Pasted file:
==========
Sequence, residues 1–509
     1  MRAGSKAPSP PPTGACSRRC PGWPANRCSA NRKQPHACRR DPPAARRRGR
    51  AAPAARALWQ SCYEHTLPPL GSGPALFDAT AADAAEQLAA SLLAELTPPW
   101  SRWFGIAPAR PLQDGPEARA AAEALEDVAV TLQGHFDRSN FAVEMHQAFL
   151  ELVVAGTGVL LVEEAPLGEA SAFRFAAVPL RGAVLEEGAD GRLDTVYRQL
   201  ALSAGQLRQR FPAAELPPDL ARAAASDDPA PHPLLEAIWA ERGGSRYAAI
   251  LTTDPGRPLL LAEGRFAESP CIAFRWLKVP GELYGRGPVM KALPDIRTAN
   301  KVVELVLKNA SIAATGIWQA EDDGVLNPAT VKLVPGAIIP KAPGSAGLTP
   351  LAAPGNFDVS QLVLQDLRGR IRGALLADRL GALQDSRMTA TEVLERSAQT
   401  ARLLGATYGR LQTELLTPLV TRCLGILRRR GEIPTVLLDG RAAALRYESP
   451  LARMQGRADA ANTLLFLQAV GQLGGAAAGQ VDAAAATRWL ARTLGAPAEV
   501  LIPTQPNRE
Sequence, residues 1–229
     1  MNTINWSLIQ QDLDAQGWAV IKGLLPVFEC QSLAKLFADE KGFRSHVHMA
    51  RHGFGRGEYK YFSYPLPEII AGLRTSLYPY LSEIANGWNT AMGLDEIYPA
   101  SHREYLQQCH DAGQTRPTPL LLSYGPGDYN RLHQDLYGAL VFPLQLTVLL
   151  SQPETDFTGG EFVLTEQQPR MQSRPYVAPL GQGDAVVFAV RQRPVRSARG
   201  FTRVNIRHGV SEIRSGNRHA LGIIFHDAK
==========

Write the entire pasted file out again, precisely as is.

Sequence, residues 1–509
     1  MRAGSKAPSP PPTGACSRRC PGWPANRCSA NRKQPHACRR DPPAARRRGR
    51  AAPAARALWQ SCYEHTLPPL GSGPALFDAT AADAAEQLAA SLLAELTPPW
   101  SRWFGIAPAR PLQDGPEARA AAEALEDVAV TLQGHFDRSN FAVEMHQAFL
   151  ELVVAGTGVL LVEEAPLGEA SAFRFAAVPL RGAVLEEGAD GRLDTVYRQL
   201  ALSAGQLRQR FPAAELPPDL ARAAASDDPA PHPLLEAIWA ERGGSRYAAI
   251  LTTDPGRPLL LAEGRFAESP CIAFRWLKVP GELYGRGPVM KALPDIRTAN
   301  KVVELVLKNA SIAATGIWQA EDDGVLNPAT VKLVPGAIIP KAPGSAGLTP
   351  LAAPGNFDVS QLVLQDLRGR IRGALLADRL GALQDSRMTA TEVLERSAQT
   401  ARLLGATYGR LQTELLTPLV TRCLGILRRR GEIPTVLLDG RAAALRYESP
   451  LARMQGRADA ANTLLFLQAV GQLGGAAAGQ VDAAAATRWL ARTLGAPAEV
   501  LIPTQPNRE
Sequence, residues 1–229
     1  MNTINWSLIQ QDLDAQGWAV IKGLLPVFEC QSLAKLFADE KGFRSHVHMA
    51  RHGFGRGEYK YFSYPLPEII AGLRTSLYPY LSEIANGWNT AMGLDEIYPA
   101  SHREYLQQCH DAGQTRPTPL LLSYGPGDYN RLHQDLYGAL VFPLQLTVLL
   151  SQPETDFTGG EFVLTEQQPR MQSRPYVAPL GQGDAVVFAV RQRPVRSARG
   201  FTRVNIRHGV SEIRSGNRHA LGIIFHDAK